No matter how organized and prepared you are as a small business owner, the business tax filing due date can creep up on you. You may find that you’re still gathering and organizing crucial information, you might be unsure about tax deductions, or your tax professional may be unable to accommodate you. You also may be waiting for other business and financial institutions’ reporting forms.
Businesses of all types can request an extension on filing their tax returns. We’ll explore what small business owners need to know about filing extensions, including what filing an extension can and can’t do for you and how to file it correctly.
Tax extensions grant you extra time to file your return without incurring a penalty, according to Daniel Glassman, a tax attorney with the Florida-based law firm Gunster. Failing to file a tax return on time can yield substantial penalties. Consider the following:
Glassman noted that a tax extension is not an opportunity to delay payment to the government. Instead, it gives people more time to get their paperwork in order. Those who file for an extension must estimate their tax payment and pay that amount.
“You should have some idea of what your overall income and expenses were, and you are required to estimate what your tax liability is,” Glassman said. “If you either don’t make that kind of good-faith estimate or are very far off, you could be subject to a penalty for failing to pay.”
If the IRS grants the extension request — it grants nearly all requests — most businesses have six months to file, until Oct. 15. Partnerships have five months, until Sept. 15. The IRS does not notify you if it approves an extension request. You will receive a notice only if your extension request is denied.
Those who overestimate their extension payment can have that amount refunded or apply it to the following year’s tax bill.
Keep these guidelines in mind when you’re filing a business tax extension:
The most important element of filing an extension is submitting the paperwork to the IRS before your filing deadline. If you don’t file for the extension and don’t pay your taxes on time, you face late filing and late payment penalties.
The filing deadline for your tax return depends on your business type:
Tax return due date
The 15th day of the third month after the end of the tax year
The 15th day of the fourth month after the end of the tax year
Partnership or LLC taxed as a partnership
March 15 following the tax year
Schedule C, sole proprietorship
The extension for your individual tax return, of which your Schedule C is a part, is due on April 15 following the tax year.
All tax filing deadlines are extended to the following business day when they land on a weekend or legal holiday.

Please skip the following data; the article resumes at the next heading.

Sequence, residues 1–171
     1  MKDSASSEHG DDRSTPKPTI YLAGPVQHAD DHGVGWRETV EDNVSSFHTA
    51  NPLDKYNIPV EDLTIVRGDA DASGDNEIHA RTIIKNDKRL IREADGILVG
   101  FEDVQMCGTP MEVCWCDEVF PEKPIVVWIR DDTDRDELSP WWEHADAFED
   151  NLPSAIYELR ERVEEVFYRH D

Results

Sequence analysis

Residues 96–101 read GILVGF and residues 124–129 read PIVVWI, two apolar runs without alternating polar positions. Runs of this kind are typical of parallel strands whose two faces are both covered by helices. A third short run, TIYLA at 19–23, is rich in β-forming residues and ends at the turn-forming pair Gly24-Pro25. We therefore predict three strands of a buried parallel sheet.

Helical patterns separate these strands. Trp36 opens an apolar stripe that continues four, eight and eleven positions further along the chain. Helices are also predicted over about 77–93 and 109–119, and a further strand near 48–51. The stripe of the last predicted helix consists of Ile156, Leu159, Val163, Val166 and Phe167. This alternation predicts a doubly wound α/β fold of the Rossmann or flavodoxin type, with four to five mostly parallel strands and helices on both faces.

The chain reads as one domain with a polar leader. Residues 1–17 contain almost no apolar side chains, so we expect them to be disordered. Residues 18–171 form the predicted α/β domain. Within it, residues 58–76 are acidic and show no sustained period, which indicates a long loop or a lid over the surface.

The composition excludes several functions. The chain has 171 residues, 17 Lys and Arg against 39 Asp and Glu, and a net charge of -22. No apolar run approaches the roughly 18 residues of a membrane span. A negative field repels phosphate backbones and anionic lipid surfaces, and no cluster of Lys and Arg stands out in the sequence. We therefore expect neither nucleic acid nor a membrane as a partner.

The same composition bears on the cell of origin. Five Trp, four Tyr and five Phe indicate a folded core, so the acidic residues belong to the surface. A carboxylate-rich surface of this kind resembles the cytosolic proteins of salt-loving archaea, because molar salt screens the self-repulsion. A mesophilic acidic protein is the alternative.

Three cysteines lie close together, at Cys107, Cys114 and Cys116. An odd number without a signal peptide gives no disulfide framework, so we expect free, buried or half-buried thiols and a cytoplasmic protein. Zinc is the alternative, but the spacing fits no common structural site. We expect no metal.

You must estimate your tax payment due and submit the payment with your extension form. The form you use to file an extension is as follows:
You can print and mail your tax extension forms or file them electronically via the Modernized e-File Program, using an approved provider. You can search for an authorized IRS e-file provider by location.
Many bookkeeping platforms integrate tax filing; explore this option with your preferred tax filing or bookkeeping service.
The IRS does not offer an additional extension beyond the first extension. You can file a return after the extended due date; just expect to pay additional penalties. You should file as soon as possible to avoid additional penalties. The IRS notes that a failure-to-file penalty is generally more than a failure-to-pay penalty.
Before you decide to file an extension, consider the advantages and disadvantages of getting an extension versus filing your tax return on time.
These are some pros of filing an extension:
These are some cons of filing an extension:
Excellent recordkeeping can help prepare you to file your business taxes on time and can be crucial in the event of a tax audit.
Additionally, many resources can help with business tax preparation, including the following:
Use these resources along with a comprehensive internal analysis by your small business accountant or accounting team.
Understanding extensions can help business owners decide whether to file before the deadline or give themselves another five or six months (depending on the business type) to complete the return.
Putting off filing your return doesn’t usually save you time overall. You must estimate your tax liability and the amount due either way. If you file an extension, you have to finish the job later.
However, if you have extenuating circumstances or you can’t gather crucial information in time to file on the original due date, filing an extension can help you breathe a sigh of relief. You probably don’t want to file an extension every year, but when you really need one, it’s a valuable resource.
Derek Walter contributed to the reporting and writing in this article. Some source interviews were conducted for a previous version of this article.